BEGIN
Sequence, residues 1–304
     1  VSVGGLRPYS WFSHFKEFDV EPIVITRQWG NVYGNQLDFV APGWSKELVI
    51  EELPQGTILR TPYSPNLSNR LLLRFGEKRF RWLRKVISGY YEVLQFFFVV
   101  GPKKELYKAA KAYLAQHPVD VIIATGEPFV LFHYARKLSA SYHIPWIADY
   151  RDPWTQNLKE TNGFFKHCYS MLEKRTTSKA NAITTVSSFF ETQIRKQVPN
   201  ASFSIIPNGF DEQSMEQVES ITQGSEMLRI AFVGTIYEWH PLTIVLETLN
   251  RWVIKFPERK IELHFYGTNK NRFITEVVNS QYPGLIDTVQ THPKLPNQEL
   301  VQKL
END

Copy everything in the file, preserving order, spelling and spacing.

Sequence, residues 1–304
     1  VSVGGLRPYS WFSHFKEFDV EPIVITRQWG NVYGNQLDFV APGWSKELVI
    51  EELPQGTILR TPYSPNLSNR LLLRFGEKRF RWLRKVISGY YEVLQFFFVV
   101  GPKKELYKAA KAYLAQHPVD VIIATGEPFV LFHYARKLSA SYHIPWIADY
   151  RDPWTQNLKE TNGFFKHCYS MLEKRTTSKA NAITTVSSFF ETQIRKQVPN
   201  ASFSIIPNGF DEQSMEQVES ITQGSEMLRI AFVGTIYEWH PLTIVLETLN
   251  RWVIKFPERK IELHFYGTNK NRFITEVVNS QYPGLIDTVQ THPKLPNQEL
   301  VQKL